Frank Lampard will be recognised as England's eighth centurion on Friday but he knows it would be foolish to think that reputation alone will be enough to earn him a ticket to Brazil.
Lampard is set for an emotional night when England take on Chile at Wembley.
The 35-year-old will be handed a golden cap by his father and Sir Geoff Hurst to commemorate his 100th appearance for England two months ago.
The fact that he is one of England's most experienced players does not mean he believes his World Cup place is certain, though.
"All the players are in the same boat. What we've done up to now carries a bit of weight, some more than others, but if your form isn't good enough up until the end of the season...," Lampard pauses, momentarily, unable to express the idea of him missing the World Cup before adding: "If I walked around thinking my 103 caps would get me on the plane, I'd probably be on the beach, because that means you're taking things for granted. I don't think any of us can afford to do that."
The Chelsea midfielder, who is out of contract in the summer, would not reveal his plans for after the World Cup, but it is widely anticipated that he will retire from international football next summer.
It is clear that the future of English football preys heavily on Lampard's mind.
Every time a tournament comes and goes, the English public are reminded of the length of time since the Three Lions last triumphed at a major tournament.
One particular area of concern for Lampard is the way in which England's next generation are being coached.
"Coaching with the kids is the single one thing we may have fallen behind on," the former West Ham midfielder said.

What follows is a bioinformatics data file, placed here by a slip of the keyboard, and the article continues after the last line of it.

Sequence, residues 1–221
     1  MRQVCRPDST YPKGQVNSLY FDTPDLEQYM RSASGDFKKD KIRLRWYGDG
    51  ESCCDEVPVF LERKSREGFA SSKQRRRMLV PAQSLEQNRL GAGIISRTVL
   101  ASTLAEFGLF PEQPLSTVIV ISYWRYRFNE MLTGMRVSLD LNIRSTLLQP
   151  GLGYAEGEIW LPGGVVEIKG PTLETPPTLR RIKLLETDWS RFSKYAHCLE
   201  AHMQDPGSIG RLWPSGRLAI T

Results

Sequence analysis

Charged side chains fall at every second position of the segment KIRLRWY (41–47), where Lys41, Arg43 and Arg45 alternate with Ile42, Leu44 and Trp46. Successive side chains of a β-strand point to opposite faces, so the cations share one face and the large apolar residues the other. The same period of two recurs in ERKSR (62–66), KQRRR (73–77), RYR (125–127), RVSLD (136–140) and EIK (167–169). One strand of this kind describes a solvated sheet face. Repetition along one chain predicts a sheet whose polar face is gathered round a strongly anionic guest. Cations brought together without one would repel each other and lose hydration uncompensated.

"I think we need to be very forward-thinking in that, and the (Football Association) commission and the people involved, with the experience we've got, they have to look at that.
"We need to coach our kids to receive the ball, to be aware of what's around them, to maybe get a little bit better technically.
"If we can do that, we may find ourselves where we want to be.
"We shouldn't put ourselves down too much. But if we could tweak things, and the major one for me would be coaching with the kids, then we will improve."
The lowest point in recent memory for the England team, and Lampard in particular, was the 4-1 thrashing by Germany in Bloemfontein four years ago.
The England vice-captain scored a legitimate goal that was chalked off that day, but he accepts England deserved to lose.
Germany head to Wembley on Tuesday and Lampard thinks the current squad stand much less chance of receiving another hiding.
"As an England player in that squad, that probably was as low as we've been," he said.
"But over the course of the years, we've come back to seeing a lot of positives again."
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